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"No freeman shall ever be debarred the use of arms."
— Thomas Jefferson, in an early draft of the Virginia Constitution.

In a stunning victory for common sense and the Bill of Rights, Congress, threatened by voters with having to find honest work, allowed the 1994 “assault weapons” ban to expire on September 14, 2004. The infamous ban on scary looking guns that passed by a single vote and with great treachery and deceit during President Clinton’s first term is finally dead.

Congress had swallowed the big lies that “assault weapons” were somehow more dangerous than other firearms, more powerful, deadlier, and frequently used in crimes. All lies. The rifles that were banned differed only in cosmetic features like grips, magazines, and accessories from equally powerful legal weapons. They were not “machine guns.” They were almost never used in crimes. Forcing gun owners to paint their weapons pink would have been as effective at reducing violence.

Two months after Congress passed the ban in September of 1994, voters returned over 30 of its supporters to the private sector. In 2000 the gun issue cost Al Gore, a gun ban supporter, his home state and the presidency. This year, the horrifying notion that they would have to find real jobs prevented our law makers from extending the ban despite a host of sly last minute maneuvers.

David Kopel, research director of the Independence Institute, believes the end of the “assault weapons” ban was as significant for the second amendment as the death of the Alien and Sedition Acts in 1801 was for the first. The Alien and Sedition laws forbade criticism of sitting public officeholders and stifled free speech. The courts didn’t find either of these laws unconstitutional. It was voters, through the congressional election process, who decided both were an unacceptable infringement of our rights.

There is, however, a major difference between these two political victories for basic rights. In 1801 there was no large well financed political effort to destroy the first amendment. The Alien and Sedition Acts affected only specific types of speech by certain people. None of its supporters wanted to throttle free speech entirely, or at least they understood that they couldn’t. The “assault weapons” ban, on the other hand, was seen by all of its most earnest supporters as simply a step toward total disarmament of all American civilians.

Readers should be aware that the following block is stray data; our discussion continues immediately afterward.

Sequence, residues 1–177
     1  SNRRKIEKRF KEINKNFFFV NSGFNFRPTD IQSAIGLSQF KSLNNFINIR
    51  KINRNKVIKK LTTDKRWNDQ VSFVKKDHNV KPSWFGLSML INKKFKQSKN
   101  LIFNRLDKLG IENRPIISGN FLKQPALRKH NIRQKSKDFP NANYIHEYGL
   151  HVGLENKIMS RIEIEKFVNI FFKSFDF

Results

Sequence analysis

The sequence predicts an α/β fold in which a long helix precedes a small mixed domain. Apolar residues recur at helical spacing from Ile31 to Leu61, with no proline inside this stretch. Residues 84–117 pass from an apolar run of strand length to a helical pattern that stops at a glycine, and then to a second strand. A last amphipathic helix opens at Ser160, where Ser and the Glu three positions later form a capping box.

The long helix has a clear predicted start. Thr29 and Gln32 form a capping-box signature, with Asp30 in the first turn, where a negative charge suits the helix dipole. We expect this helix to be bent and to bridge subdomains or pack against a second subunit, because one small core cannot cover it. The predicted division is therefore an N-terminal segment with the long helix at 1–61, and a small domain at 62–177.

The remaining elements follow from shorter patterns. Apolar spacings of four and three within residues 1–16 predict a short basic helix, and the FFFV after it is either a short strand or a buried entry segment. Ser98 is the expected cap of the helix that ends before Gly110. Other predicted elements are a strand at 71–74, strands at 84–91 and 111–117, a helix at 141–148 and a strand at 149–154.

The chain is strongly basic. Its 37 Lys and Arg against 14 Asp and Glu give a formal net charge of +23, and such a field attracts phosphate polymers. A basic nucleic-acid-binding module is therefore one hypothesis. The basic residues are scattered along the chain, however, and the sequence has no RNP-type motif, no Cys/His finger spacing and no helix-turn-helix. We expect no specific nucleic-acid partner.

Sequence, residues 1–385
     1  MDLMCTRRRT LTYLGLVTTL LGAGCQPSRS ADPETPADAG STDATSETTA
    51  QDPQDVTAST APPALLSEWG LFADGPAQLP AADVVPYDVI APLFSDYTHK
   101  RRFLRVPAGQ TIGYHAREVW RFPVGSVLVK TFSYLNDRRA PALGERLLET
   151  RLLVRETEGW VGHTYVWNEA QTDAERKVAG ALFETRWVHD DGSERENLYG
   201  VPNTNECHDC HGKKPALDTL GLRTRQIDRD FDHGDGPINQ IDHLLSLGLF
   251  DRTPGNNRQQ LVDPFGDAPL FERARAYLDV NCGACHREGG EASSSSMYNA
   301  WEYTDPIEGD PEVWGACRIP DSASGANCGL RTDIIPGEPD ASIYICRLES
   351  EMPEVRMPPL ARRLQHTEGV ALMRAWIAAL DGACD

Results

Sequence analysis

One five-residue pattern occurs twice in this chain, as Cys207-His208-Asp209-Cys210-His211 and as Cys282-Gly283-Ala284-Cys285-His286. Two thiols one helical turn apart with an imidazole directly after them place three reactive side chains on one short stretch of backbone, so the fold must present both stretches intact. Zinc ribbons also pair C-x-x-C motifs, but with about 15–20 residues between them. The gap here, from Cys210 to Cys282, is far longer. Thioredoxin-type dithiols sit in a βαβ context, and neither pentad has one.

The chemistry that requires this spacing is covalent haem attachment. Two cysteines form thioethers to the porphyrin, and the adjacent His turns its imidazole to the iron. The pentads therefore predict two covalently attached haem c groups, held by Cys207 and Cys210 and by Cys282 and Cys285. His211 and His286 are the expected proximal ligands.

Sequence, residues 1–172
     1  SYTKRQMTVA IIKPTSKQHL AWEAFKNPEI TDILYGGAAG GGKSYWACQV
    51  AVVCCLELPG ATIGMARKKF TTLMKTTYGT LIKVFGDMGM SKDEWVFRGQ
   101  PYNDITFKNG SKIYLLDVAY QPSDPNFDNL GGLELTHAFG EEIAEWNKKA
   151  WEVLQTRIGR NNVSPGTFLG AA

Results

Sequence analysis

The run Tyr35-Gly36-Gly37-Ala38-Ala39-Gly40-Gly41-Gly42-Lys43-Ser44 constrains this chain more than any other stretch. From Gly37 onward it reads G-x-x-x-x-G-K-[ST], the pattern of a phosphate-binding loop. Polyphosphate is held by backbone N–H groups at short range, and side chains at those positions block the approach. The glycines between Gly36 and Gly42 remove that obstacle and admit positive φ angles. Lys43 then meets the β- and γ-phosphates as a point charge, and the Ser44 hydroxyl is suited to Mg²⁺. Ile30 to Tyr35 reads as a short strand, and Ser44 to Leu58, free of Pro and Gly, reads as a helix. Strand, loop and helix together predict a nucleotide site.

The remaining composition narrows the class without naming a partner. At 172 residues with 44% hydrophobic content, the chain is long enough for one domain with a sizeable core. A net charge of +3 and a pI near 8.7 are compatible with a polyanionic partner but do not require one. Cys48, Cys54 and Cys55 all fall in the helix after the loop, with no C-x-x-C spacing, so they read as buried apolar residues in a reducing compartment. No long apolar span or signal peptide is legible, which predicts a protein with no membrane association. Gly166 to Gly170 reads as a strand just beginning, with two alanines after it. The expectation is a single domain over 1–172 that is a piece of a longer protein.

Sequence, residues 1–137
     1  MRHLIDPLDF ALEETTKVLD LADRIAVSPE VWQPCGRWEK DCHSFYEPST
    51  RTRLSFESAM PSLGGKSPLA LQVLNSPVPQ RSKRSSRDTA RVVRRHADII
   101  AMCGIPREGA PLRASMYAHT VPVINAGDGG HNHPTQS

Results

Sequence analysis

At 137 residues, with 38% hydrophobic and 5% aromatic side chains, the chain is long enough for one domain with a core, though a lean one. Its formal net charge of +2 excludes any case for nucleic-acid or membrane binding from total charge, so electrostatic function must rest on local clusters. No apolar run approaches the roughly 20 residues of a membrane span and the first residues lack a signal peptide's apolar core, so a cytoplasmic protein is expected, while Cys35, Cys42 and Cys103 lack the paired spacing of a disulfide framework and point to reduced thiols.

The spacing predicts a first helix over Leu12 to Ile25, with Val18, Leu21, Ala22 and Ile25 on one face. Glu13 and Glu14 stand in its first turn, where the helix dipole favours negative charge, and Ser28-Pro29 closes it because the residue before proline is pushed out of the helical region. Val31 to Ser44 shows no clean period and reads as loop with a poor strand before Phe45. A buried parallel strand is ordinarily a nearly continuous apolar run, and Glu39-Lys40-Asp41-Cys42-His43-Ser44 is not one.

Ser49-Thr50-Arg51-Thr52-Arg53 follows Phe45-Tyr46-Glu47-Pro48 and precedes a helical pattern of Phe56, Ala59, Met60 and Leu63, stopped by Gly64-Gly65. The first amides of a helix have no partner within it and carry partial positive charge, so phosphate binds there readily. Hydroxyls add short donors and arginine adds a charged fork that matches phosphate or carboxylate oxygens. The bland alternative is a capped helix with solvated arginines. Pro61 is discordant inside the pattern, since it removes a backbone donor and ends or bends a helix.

Charles Krauthammer, a Washington Post editorialist who openly supports total gun prohibition summarized the strategy in 1996: "Passing a law like the assault weapons ban is a symbolic — purely symbolic — move in that direction. Its only real justification is not to reduce crime but to desensitize the public to the regulation of weapons in preparation for their ultimate confiscation."

A quick Google search for quotes from the anti-gun lobby confirms the same sentiment and strategy again and again.

The expiration of this law renews my faith in the electoral process. It also confirms my confidence in my simplified, two rule voting decision system. Rule One: Vote against all new taxes or borrowing. Rule Two: Vote against anyone who does not trust you with a gun.

Because campaign platitudes are meaningless and promises of government loot or favor quickly forgotten, gun control is the perfect canary-in-a-coal-mine issue for deciding who is fit for office. If politicians won’t trust us with guns why would we trust them to run a government that is daily more deeply involved in every detail of our lives. Those who most fiercely support gun prohibition are the ones most likely to do something to us for which we might like to shoot them. The second amendment isn’t about duck hunting.

As far as the current presidential race goes, Mr. Kerry has never seen a gun control law he didn’t like. He does not flip flop on this issue. He voted 100% with The Brady Campaign (formerly Handgun Control, Inc.). His senate voting record includes support for banning rifle ammo, shutting up gun rights supporters, and longer waiting periods. He voted for gun and gun owner registration and licensing. He voted for every record keeping scheme that would simplify the confiscation of all civilian weapons.

In an act of stupefying hypocrisy he declared his support of civilian ownership of “sporting arms” after accepting a gift of a Remington semi-automatic shotgun that would be banned under a bill he is co-sponsoring in the senate right now.

Although Mr. Bush has been largely silent on the issue, his relentless attacks on civil rights and his promise to sign the ban if Congress extended it inspires no confidence. 

If Mr. Bush and Mr. Kerry were my only choices there would be no choice. They both support the war, the Patriot Act, massive government spending, and to greater or lesser extent, gun control.

Few Republicans or Democrats ever pass my two rule test. One or the other is always the lesser of two evils.

But in this race there is a candidate who passes my test and advocates political and economic freedom as a first principle. He doesn’t have a plan for how to run your life. He trusts you to run your own.

His name is Michael Badnarik. He is the Libertarian Party’s man for president. He is on the ballot in every state. He is the candidate least likely to do something to you that will make you want to shoot him. He is also the only candidate who completely trusts you to make a responsible decision on that issue.